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In Praise of Ponzis

A new economic model is emerging. Here's why it makes sense.

Dror Poleg
Dror Poleg
5 min read
In Praise of Ponzis

An audio version of this article is available below as well as on Spotify, Apple Podcasts, and beyond.

Three weeks ago, a few people decided to buy a rare copy of the U.S. Constitution at a public auction. They tweeted to see if anyone wanted to commit some funds to make it happen. Within a few days, about 18,000 people contributed more than $45 million. At the auction, another buyer decided to pay more, leaving many people disappointed.

But it didn't end there. The organizers set up a Distributed Autonomous Organization or DAO to handle the fundraising process. This sounds exotic, but it basically means this: They used a little piece of software to keep track of how much money each person promised to contribute. In exchange, every contributor was issued a bunch of tokens (in the same way an investor in a company received a bunch of shares). The token symbol (or ticker) was $PEOPLE.

After the auction, it was clear that the group failed. The DAO fulfilled its purpose, albeit unsuccessfully, and it was time to return everyone's money and call it a day. Then something strange happened. The price of $PEOPLE tokens shot up dramatically. It was worth nearly 100 times more than what original contributors paid at its peak.

This means people were willing to pay a 10,000% premium in order to buy shares in a project that no longer has a purpose. And it wasn'y just a handful of people — a whole liquid market emerged. Yesterday, nearly two weeks after the failed auction, the daily trading volume in $PEOPLE tokens was over $70,000,000. Why would anyone pay to buy a token that no longer has a purpose?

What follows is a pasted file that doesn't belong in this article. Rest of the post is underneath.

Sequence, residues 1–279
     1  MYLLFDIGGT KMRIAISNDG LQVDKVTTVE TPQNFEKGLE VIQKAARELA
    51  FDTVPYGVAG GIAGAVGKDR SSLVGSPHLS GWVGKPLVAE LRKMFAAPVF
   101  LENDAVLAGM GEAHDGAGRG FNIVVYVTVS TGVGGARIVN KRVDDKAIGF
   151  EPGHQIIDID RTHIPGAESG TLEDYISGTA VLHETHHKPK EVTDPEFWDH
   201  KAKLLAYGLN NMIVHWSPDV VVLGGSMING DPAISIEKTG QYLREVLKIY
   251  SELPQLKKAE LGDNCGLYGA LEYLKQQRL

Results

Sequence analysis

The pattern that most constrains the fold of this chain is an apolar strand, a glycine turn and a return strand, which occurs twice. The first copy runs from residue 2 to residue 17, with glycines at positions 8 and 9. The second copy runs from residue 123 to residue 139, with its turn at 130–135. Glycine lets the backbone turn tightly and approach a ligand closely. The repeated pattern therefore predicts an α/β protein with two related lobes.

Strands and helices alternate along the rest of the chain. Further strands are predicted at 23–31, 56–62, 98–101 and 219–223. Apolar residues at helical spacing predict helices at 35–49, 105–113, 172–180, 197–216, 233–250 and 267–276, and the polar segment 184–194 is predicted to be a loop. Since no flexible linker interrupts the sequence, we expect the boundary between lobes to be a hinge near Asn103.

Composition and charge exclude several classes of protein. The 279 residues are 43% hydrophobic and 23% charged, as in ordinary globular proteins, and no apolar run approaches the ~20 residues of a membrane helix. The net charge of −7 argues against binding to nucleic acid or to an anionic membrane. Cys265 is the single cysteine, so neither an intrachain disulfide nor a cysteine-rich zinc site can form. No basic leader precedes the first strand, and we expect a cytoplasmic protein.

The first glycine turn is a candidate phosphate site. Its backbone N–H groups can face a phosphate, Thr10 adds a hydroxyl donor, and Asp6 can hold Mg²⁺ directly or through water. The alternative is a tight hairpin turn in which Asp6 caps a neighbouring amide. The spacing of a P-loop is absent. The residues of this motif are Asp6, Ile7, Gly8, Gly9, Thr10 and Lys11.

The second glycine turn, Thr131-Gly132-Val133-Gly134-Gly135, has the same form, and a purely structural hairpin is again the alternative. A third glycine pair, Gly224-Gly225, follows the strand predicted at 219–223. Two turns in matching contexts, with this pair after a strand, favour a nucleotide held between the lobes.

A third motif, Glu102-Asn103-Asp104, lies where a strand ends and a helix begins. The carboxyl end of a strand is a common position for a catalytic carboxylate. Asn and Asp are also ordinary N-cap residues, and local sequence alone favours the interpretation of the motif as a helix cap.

The Will of the People

There are many explanations why $PEOPLE still has a liquid market, but they all boil down to this: It's a good story. People love a good story. And people believe that the value of this story will only increase over time.

The crypto community sees the attempt to use a smart contract to buy a copy of the constitution as a historical event. The tokens are basically souvenirs, but they're also a bet on the growing significance of this event — a bet that the souvenirs will go up in value over time.

But it's not just a bet. It's also a marketing effort. By buying the tokens and ensuring there's a liquid market, investors help perpetuate and extend the story. This increases the likelihood that the tokens will indeed go up in value.

This logic seems circular: Let's buy something in order to ensure other people buy it as well. And the same logic can be seen in other blockchain-based projects. Games are paying people to play. Streaming services are giving people rewards for listening. Apps and protocols are giving people rewards for using their services.

These behaviors seem like examples of markets losing touch with economic reality. But sometimes, irrational behavior makes sense. In fact, we live in an era where the craziest actions are often the most reasonable ones.

One reason is that consumers and investors do not operate in a vacuum. They have to choose between a limited number of options, which are often all bad. But there's a deeper reason that reflects a fundamental change in how new businesses are built. To understand this shift, let's illustrate it with a familiar example.

Style and Substance

Everyone's heard of Gangnam Style. But before everyone heard about it, no one's heard about it. The song was uploaded to YouTube. Some people enjoyed it, shared it, liked it, and watched it. In response, YouTube's feed and algorithm showed it to more people. These people also enjoyed it, shared it, liked it, and watched it. The cycle continued and Gangnam Style reached a billion views.

YouTube made a few million from the ads it showed during the first billion times Gangnam Style was watched. Psy, the artist, and his producers probably made around a million.